Many rivers disappear beneath the snows of winter. Such is not the case with the St. Lawrence east of Canada's Quebec City. Here, where the Great Lakes' stream meets the Atlantic, lies Le Massif.
The resort is located in the Charlevoix region, a 43-mile downstream drive from the 400-year-old French-Canadian city.
With Quebec winters being more than a tad nippy, sheets of white ice generally float on the steel-blue surface of the river from mid-January through mid-March. It lines the shoreline and collects in the main channel. The effect appears surrealistic and somewhat unworldly.
Le Massif's owner, Cirque du Soleil co-founder Daniel Gauthier, has decided to feature only healthy foods at the resort. No hot dogs, hamburgers or fried fare appear here. Instead, the menu features juices, cheeses and fresh local cuisine. They do, however, sell beer and wine.
Information: toll-free 1-877-536-2774, www.lemassif.com.
Handsomest highway: Icefields Parkway, Alberta
Sometimes the prettiest part of the skiing experience occurs on the way to the slopes. In Alberta, three of its most scenic ski areas (Sunshine, Lake Louise and Marmot Basin) lie in adjoining national parks, and Icefields Parkway, which connects them, ranks as one of the most photogenic winter drives on the continent.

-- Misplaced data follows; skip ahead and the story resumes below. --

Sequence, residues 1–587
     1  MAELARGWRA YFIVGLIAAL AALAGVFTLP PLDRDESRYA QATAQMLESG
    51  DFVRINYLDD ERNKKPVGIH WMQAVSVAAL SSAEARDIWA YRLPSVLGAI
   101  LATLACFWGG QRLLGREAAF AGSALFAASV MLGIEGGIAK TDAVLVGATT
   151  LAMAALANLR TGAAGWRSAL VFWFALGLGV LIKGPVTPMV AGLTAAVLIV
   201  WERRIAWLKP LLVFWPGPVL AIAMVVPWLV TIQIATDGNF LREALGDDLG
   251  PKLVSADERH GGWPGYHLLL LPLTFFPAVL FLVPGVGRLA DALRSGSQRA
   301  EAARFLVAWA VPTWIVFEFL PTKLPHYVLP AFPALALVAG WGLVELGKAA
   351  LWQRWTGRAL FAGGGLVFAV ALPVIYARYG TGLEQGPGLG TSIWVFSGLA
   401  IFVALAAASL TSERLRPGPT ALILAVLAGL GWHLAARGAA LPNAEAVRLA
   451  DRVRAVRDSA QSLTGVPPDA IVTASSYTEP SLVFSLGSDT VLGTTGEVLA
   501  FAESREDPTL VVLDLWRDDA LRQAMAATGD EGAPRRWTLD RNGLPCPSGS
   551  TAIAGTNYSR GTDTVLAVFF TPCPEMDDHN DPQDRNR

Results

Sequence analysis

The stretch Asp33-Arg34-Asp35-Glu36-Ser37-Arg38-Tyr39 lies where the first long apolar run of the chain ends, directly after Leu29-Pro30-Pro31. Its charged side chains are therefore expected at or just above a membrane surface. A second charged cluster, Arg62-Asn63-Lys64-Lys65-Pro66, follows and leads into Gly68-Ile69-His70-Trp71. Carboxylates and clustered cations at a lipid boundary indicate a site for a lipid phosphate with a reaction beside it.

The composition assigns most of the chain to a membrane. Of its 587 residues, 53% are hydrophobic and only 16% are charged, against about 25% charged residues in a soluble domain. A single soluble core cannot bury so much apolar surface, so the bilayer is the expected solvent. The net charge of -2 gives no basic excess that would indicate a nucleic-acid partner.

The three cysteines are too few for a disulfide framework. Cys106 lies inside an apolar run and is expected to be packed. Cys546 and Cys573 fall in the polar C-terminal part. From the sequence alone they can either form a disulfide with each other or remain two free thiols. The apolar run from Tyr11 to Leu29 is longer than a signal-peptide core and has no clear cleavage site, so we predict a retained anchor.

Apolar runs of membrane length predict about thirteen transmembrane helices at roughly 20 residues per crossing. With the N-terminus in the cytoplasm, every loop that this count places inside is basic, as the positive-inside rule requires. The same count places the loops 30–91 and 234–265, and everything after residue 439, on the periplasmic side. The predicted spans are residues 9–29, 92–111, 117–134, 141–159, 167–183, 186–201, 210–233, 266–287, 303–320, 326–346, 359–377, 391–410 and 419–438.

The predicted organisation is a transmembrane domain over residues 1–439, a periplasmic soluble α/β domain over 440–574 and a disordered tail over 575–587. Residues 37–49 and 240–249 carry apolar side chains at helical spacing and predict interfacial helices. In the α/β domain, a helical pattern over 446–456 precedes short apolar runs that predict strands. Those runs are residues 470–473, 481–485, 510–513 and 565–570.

The two-lane road covers 142 miles between Lake Louise and Jasper. Topping two picturesque mountain passes, the route parallels the Canadian Rockies along the Continental Divide.
Cliffs, crags, crests, peaks and summits, some reaching 11,000 feet, rise beyond the pavement. The more than 100 glaciers for which the route was named blend in with the surrounding snow, turning the scene into tree-framed landscape of rock and white. Lakes become fluffy flats, rivers stretch as snowy channels and waterfalls freeze into glassy ice-scapes.
Most drivers need extra time to traverse the Icefields Parkway. It's not that the road is slow or treacherous. It's because camera-wielding passengers will insist on making numerous photo stops along the way.
Information: toll-free 1-800-252-3782, www.icefieldsparkway.ca.
Most western ski town: Telluride, Colo.
In the historic West, many 19th century mining camps have morphed into 21st century ski towns. Few have made the silver-to-snow transition better than Colorado's Telluride.
The town sits in a classic box canyon. Cliff-banded slopes hem the valley's sides, and towering peaks plug its end.
In this exquisite setting, mining boomed in the late 1800s. The town became so prosperous, Butch Cassidy chose it for his first-ever bank robbery. By the 1950s, the wealth had played out and Telluride became a dusty ghost locked in time. Lifts arrived in 1972.
Today, most of the ski development lies far above town, based in a modern, pseudo-Euro enclave called Mountain Village. A gondola connects it to the eight-block-wide, 12-block-long, historic town below.
Telluride proffers genuine Victorian charm. Storefronts feature brick and wood. Awnings cover broad sidewalks. Restaurants occupy renovated homes. Here, corporate stores remain deliciously absent. Coffee comes from the Steaming Bean, not Starbucks, and burgers are flipped at the Cornerhouse Grille.
Information: (970) 728-6900, www.tellurideskiresort.com.
Dan Leeth is a freelance writer based in Colorado.